Magnitude 5+ Earthquakes – Global
5.4 Earthquake hits Minahasa, Sulawesi, Indonesia.
5.3 Earthquake hits the South Sandwich Islands.
5.2 Earthquake hits Kepulauan Sangihe, Indonesia.
5.0 Earthquake hits offshore Guatemala.
5.0 Earthquake hits the Antahan region in the North Mariana Islands.
5.0 Earthquake hits the Sumbawa region, Indonesia.
Tropical Storms – Roundup of Tropical Storms:
No current tropical storms.
Texas, USA – A snowstorm in Dallas, Texas has caused hundreds of traffic accidents and led to more than 600 flight cancellations.
Bolivia – Heavy rains in Bolivia have collapsed a bridge connecting two parts of the country. A truck which was crossing at the time was swept away in the floodwaters.
Global Warming Fuels Coral Killer
Global warming worsens a disease that has almost wiped out Caribbean coral reefs, according to a new study by researchers at the Florida Institute of Technology.
In only 40 years, the iconic elkhorn and staghorn corals that have dominated Caribbean reefs for 3.5 million years have declined by more than 90 percent. The main culprit: a disease that causes dead, white bands across the coral. And ocean warming is playing a bigger role in the so-called “white-band” disease than previously thought, the researchers found.
Both elkhorn and staghorn coral are listed as threatened under the Endangered Species Act. They are especially of concern because they form the foundations of reefs that support economically important fish and other marine species.
White-band disease has already devastated Florida corals, especially in the Florida Keys.
The Florida Tech researchers compared sea temperature data with white-band disease records from 473 coral sites in the Caribbean and the Keys.
They found white-band disease is more common where waters have warmed most rapidly and stayed unusually warm during winter.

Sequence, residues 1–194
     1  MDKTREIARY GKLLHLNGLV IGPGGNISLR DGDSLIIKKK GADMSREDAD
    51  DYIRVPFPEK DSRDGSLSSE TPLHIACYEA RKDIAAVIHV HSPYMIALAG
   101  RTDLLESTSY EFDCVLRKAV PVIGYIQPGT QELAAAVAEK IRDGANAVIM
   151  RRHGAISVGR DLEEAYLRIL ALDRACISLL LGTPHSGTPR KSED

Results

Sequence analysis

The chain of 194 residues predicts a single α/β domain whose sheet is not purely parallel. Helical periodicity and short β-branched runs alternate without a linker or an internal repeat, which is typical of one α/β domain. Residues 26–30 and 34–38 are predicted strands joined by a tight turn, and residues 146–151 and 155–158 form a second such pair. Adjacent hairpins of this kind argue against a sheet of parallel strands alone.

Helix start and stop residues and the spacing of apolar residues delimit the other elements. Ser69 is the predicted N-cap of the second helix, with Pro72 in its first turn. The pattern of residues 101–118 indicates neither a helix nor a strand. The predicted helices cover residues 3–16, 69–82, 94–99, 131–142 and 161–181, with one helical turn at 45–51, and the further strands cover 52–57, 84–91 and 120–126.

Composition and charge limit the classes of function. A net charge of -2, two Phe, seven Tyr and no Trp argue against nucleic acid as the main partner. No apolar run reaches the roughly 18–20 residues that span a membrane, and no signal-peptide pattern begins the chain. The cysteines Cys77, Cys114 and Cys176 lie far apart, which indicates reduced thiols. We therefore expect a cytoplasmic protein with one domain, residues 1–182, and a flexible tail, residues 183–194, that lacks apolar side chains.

It seems that warmer waters may be making marine microbes more infectious and/or weakening the coral’s innate immunity.
Intensive Fertiliser Use Dampening Natural Nutrition
The widespread use of nitrogen fertiliser is causing a significant evolution in soil bacteria that naturally help bring nitrogen to many plants, making the organisms less beneficial to legumes.
Researchers from the University of Illinois at Urbana-Champaign say the changes in soil rhizobia could have “far-reaching ecological and environmental consequences,” not only in farmland, but also in the plants of the surrounding environment.
Writing in the journal Evolution, the scientists say the problem isn’t limited to the application of fertiliser on legumes.
Lead author Katy Heath says emissions of nitrogen oxides from the burning of fossil fuels are also causing a change in the quality of soil rhizobia, leading to altered plant growth.
“Worldwide, the nitrogen cycle is off. We’ve changed it fundamentally,” said Heath.
The research reveals that in areas polluted with fertiliser runoff, legumes decline while other plants become more common.
Root nodules house soil bacteria, like rhizobia, which fix nitrogen for the plant. The bacteria cannot fix the nitrogen on their own and need a plant host.
Ebola – Update
A Sierra Leonean village is currently on lockdown after the discovery of 31 new cases of Ebola.
Health officials say that the new infections were caused by one man who escaped quarantine in Freetown and sought help from a traditional healer in his hometown.
The affected community, which is home to 500 people, is close to the town of Makeni.